Session 353

Behavioral Foundations of Mergers & Acquisitions

Track P

Date: Monday, September 22, 2014


Time: 14:45 – 16:00


Room: Estancia 307

Session Chair:

  • Shayne Gary, University of New South Wales

Title: Cross-Border Megadeals and Foregin Direct Investment: A Socio-Cognitive Approach


  • Weilei Shi, City University of New York
  • Ravi Madhavan, University of Pittsburgh
  • Eunjoo Yi, University of Pittsburgh

Abstract: Adopting a socio-cognitive lens, we propose that “mega” cross-border M&A deals (of over a billion dollars) will have a greater influence on participating nations’ subsequent foreign direct investment (FDI) outflows, as compared to smaller deals. Such megadeals, by virtue of their size and visibility, will attract FDI decision makers’ attention and serve as initiating forces that shape subsequent FDI efforts. The hypothesis that nations participating in cross-border megadeals will experience higher FDI outflows in subsequent years finds support in data on cross-border megadeals, with Dominance Analysis confirming the significantly greater impact of Megadeals.

Title: Examining Employee and Organisational Outcomes in Mergers and Acquisitions


  • Shayne Gary, University of New South Wales
  • Alannah Rafferty, University of New South Wales

Abstract: This paper examines the factors that drive post-acquisition organizational and employee outcomes. There is wide variation in M&A outcomes at both the organisational and individual employee levels. Some organisations capture substantial financial value through M&A, while others destroy value through damaging employee well-being and reducing organisational capabilities as high performing individuals leave the company. Both strategic management and change management factors are key drivers of M&A outcomes. However researchers have not considered the joint effects of these two divergent research threads when examining post-acquisition success or failure. As a result, researchers have an under-developed understanding of the factors that drive M&A outcomes. We propose a multi-level model of the combined effects of factors from these two literatures on organizational and employee M&A outcomes.

Title: The Price of Fame: The Role of Firm Celebrity in the Merger and Acquisition Process


  • Abbie Oliver, University of Georgia

Abstract: In this study, I take a behavioral approach to understanding acquisition premiums, not only as indicators of the economic value of the target firm, but also as a product of social, human, and interpretative processes. Specifically, I will focus on how firm celebrity impacts the CEO’s decision pertaining to premiums. I integrate the affect infusion model with the literature around social assets and mergers and acquisitions to explain why acquiring firms pay more for firms with celebrity. I plan to test my ideas on a sample of publicly traded acquisitions in the United States over the period 1994 to 2010.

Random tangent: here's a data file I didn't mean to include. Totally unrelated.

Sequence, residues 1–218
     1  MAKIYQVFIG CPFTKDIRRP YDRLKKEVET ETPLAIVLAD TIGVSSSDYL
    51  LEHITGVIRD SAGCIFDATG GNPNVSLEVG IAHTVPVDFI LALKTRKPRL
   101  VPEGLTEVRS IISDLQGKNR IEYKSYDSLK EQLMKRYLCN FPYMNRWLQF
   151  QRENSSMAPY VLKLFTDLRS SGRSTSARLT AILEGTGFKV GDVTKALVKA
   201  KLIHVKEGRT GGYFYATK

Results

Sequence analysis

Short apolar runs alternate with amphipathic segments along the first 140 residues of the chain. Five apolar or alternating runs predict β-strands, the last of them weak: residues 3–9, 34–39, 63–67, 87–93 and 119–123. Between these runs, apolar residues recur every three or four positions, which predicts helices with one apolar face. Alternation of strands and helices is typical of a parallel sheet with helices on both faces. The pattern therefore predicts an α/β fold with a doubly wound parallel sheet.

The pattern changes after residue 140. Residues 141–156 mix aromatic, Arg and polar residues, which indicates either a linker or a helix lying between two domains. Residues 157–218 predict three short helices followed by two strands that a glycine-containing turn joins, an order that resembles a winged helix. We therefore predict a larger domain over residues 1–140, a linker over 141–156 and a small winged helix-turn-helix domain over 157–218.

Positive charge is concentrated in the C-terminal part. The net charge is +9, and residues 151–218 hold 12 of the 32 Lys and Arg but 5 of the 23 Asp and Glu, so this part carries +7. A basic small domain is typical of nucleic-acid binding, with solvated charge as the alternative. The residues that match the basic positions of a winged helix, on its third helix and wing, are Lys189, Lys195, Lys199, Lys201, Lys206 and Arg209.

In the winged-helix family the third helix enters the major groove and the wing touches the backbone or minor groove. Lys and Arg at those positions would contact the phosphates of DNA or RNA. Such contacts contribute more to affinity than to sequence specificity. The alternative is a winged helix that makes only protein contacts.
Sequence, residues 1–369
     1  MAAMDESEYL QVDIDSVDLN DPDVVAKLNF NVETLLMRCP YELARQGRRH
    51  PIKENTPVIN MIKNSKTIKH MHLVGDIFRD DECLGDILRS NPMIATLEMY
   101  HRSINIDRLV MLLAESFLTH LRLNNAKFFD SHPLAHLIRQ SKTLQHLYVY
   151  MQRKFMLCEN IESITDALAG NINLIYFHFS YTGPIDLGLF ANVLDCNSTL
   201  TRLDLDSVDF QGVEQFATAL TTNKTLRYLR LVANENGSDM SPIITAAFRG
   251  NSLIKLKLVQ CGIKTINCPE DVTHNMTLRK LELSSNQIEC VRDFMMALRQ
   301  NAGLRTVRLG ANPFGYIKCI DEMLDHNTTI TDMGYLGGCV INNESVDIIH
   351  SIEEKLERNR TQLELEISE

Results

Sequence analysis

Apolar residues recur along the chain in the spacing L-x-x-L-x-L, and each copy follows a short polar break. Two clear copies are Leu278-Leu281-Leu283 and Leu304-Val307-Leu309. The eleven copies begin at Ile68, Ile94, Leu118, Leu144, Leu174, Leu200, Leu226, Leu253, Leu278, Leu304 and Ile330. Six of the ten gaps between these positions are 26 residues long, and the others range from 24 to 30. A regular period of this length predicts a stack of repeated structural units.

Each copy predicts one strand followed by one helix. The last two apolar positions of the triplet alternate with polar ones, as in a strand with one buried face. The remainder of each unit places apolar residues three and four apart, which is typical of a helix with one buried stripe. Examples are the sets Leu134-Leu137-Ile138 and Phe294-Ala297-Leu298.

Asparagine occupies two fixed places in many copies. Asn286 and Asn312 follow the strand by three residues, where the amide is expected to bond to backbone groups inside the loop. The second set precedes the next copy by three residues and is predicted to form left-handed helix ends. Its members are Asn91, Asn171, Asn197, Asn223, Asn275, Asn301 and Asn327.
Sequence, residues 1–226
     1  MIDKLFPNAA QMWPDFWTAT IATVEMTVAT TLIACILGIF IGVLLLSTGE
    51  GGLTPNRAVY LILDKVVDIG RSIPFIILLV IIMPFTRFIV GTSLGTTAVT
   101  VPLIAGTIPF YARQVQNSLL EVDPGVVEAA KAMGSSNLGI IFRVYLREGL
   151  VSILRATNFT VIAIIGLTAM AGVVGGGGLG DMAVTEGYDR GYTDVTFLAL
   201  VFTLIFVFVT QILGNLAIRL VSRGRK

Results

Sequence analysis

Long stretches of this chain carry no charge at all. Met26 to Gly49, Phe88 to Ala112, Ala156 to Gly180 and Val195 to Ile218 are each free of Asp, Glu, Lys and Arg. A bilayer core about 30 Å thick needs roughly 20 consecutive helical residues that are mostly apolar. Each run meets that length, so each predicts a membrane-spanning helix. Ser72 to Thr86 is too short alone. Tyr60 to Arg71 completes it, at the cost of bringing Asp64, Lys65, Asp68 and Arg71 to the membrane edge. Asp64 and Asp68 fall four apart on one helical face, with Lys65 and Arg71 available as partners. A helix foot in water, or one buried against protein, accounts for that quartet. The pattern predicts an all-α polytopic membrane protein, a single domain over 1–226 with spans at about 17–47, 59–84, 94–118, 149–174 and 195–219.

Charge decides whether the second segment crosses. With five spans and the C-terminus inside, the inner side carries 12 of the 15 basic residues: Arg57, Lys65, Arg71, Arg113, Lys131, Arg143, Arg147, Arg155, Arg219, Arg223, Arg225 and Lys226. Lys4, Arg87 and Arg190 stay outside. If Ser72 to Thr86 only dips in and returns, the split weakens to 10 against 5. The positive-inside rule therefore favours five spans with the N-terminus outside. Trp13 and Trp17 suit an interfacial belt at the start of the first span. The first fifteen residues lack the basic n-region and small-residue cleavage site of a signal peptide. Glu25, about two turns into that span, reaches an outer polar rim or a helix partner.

Title: Who is the Cleanest of Them All? The Case of Stigma Emergence in the Context of Reverse Mergers


  • Ivana Naumovska, Northwestern University
  • Jochem Kroezen, Erasmus University - Rotterdam
  • Pursey Heugens, Erasmus University-Rotterdam

Abstract: In this study, we examine factors associated with the decision to merge with firms from stigmatized categories. Specifically, we study reverse mergers (RMs), in which a private company goes public by merging with a public shell company that exists largely in public status only. We advance a theoretical framework, which suggests that shell companies from stigmatized categories are less likely to be consummated in a RM, and this effect is moderated by the stigmatization of the RM practice, and its economic value. We apply and test our framework with an extensive data on the adoption of RMs and the choice of shell companies, in the period 2001-2012. In doing so, we seek to contribute to the literature on stigma by association, and to the growing literature on social constructions in financial markets.

All Sessions in Track P...

Sun: 08:00 – 09:15
Session 459: Theoretical Foundations of Behavioral Strategy I
Sun: 09:30 – 10:45
Session 460: Theoretical Foundations of Behavioral Strategy II
Sun: 11:15 – 12:30
Session 461: Theoretical Foundations of Behavioral Strategy III
Sun: 15:45 – 17:00
Session 360: Heuristics and Biases in Strategy Choices
Session 363: Social Influence & Comparisons
Sun: 17:15 – 18:30
Session 612: Behavioral Strategy IG Business Meeting
Mon: 08:00 – 09:15
Session 354: Goals and Aspirations
Mon: 11:00 – 12:15
Session 352: CEO Decision Making
Mon: 14:45 – 16:00
Session 265: Learning, Search, Slack: The behavioral theory revisited
Session 353: Behavioral Foundations of Mergers & Acquisitions
Mon: 16:30 – 17:45
Session 359: Cognition Under Uncertainty & Risk Taking
Tue: 08:00 – 09:15
Session 358: Cognitive Processes in Strategy
Session 362: Search for Better Strategies
Tue: 11:00 – 12:15
Session 361: Creativity and Innovation
Tue: 15:30 – 16:45
Session 355: Behavioral Elements of Institutional Theory
Session 453: Competitive Dynamics
Tue: 17:15 – 18:30
Session 356: Affective and Cognitive Processes in Strategy
Session 357: Learning Processes

Strategic Management Society